Paths can be cleverly considered, with lines that draw your eye forward – to make you naturally want to move through the space. Wider areas encourage people to slow and stop, whereas narrow paths encourage people to hurry through a space (and can cause congestion).

2. Sound
Introducing sound doesn’t always have to come from an expensive water feature! The easiest, cheapest (and cheeriest) way to introduce sound into your garden is to plant habitats for buzzing, pollenating insects and birds.

If you do use water, consider all the different ways it can sound – you might play around with the surface material onto which it falls, or use different heights to create a different type of splash. You may rather it ‘bubbled up’ or ‘meandered slowly’ rather than ‘dropped’.

Gravel areas make a delightful crunching sound when walked on.

3. Scent
How do your chosen plants produce scent? If the scent is released through touch – like lavender – make sure it’s within grabbing distance near the path.

What about plants that produce scents at different times of day? Honeysuckle, for example, releases a sweet fragrance as dusk begins to fall.

4. Touch
It’s easy to incorporate elements of touch into your garden with various textures such as smooth pebbles, rough stones, and soft, tickly moss.

Textured leaves and things to touch, hold and interact with should obviously be close to paths – accessibility is key.

Texture can be appreciated with our eyes too, so plants that are further away can still show off their smooth, almost metallic bark, fuzzy stems or spiky leaves.

5. Taste
Consider VERY carefully whether you want to include ‘taste’ in your sensory garden.

Edibles tend to be seasonal and can be labour intensive to look after, and – more importantly – you may not want to encourage the eating of fruits and berries from the garden if there is a chance that users may then attempt to eat unsafe fruits or poisonous berries in other environments when unsupervised.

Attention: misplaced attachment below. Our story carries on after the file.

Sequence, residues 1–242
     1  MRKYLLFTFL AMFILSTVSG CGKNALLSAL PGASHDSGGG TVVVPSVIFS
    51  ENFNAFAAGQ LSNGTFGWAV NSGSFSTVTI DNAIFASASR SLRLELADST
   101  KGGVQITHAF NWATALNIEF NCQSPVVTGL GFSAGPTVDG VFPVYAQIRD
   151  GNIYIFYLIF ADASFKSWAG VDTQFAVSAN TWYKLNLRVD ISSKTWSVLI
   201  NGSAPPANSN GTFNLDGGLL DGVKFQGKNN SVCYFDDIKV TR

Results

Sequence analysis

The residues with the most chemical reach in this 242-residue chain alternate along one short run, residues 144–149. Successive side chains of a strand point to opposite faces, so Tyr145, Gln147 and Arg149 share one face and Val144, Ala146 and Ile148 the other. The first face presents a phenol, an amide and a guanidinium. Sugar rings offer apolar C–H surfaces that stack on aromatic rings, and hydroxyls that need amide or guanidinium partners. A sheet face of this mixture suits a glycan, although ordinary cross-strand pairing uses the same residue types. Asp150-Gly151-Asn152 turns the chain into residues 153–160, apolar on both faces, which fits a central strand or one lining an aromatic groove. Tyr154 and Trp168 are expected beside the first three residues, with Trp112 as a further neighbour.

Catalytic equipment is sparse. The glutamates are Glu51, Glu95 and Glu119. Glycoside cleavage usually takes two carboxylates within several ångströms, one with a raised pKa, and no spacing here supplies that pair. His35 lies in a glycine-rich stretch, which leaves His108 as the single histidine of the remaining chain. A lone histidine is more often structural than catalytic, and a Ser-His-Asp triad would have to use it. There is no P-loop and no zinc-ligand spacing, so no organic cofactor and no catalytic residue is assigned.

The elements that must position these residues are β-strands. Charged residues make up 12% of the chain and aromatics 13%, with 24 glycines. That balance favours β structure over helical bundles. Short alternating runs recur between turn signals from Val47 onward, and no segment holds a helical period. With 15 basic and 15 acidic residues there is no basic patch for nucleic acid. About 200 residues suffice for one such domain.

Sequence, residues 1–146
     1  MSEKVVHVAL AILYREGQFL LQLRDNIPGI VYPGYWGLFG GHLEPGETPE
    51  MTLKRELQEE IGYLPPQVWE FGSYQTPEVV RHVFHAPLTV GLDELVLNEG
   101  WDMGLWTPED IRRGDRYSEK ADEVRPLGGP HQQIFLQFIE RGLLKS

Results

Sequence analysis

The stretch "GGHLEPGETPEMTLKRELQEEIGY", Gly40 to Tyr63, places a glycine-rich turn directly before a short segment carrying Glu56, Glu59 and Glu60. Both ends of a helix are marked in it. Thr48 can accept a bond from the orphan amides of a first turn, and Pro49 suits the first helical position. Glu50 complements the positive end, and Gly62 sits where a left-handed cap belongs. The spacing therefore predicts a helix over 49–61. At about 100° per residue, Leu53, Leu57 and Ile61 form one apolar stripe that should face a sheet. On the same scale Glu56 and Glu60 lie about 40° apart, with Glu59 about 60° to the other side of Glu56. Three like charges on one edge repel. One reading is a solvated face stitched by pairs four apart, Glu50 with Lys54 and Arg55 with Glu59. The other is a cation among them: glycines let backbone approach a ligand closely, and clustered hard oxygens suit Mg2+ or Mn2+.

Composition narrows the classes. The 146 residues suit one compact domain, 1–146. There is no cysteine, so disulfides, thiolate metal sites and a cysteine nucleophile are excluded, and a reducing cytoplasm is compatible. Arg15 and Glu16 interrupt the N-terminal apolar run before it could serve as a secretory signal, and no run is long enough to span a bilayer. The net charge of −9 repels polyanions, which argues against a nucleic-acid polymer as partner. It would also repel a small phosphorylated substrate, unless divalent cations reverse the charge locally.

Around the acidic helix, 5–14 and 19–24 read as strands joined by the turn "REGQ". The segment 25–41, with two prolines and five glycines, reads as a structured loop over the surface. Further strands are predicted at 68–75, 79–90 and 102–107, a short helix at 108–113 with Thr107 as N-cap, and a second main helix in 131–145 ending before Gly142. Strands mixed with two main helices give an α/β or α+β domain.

Instead, perhaps include an area well suited to picnics, and bring the food to the garden!

Important considerations

  • To be cost effective – opt for more clever planting rather than expansive paths, patios and pergolas.
    ‘Hardscaping’ is much more expensive per square metre than planting, due to the work required in digging, ground prep etc, so plan it conservatively.
  • When you design your garden, remember that you will need to look after it even once it’s established. Try to choose low maintenance plants to save work in the long run.
  • Consider the microclimates you might create with the shape and direction of your walls and planters etc.
  • Don’t forget! The planting scheme needs to ‘work’ (and should be interesting and beneficial) all year round, not just in spring and summer.

  • Make sure it’s practical! Make it easy for people to want to use the garden; there’s little point putting an interactive display or musical area in a spot that looks good but is tricky to access.
    Hazreena Hussein’s research reminds us that aesthetics should be somewhat secondary to function: “What the site or behaviour settings look like visually is much less important than how it feels, sounds, smells and tastes, as users getting access to the behaviour settings is very important. The fact that users can get access to and engage with them is the key point when designing for a sensory garden. It is more to do with where the behaviour settings are sited rather than what they are.”

Interested in learning more about creating your own sensory garden? The Sensory Trust has some great advice and resources. Or try these suggestions from RHS.

You can see more of Liam’s work here.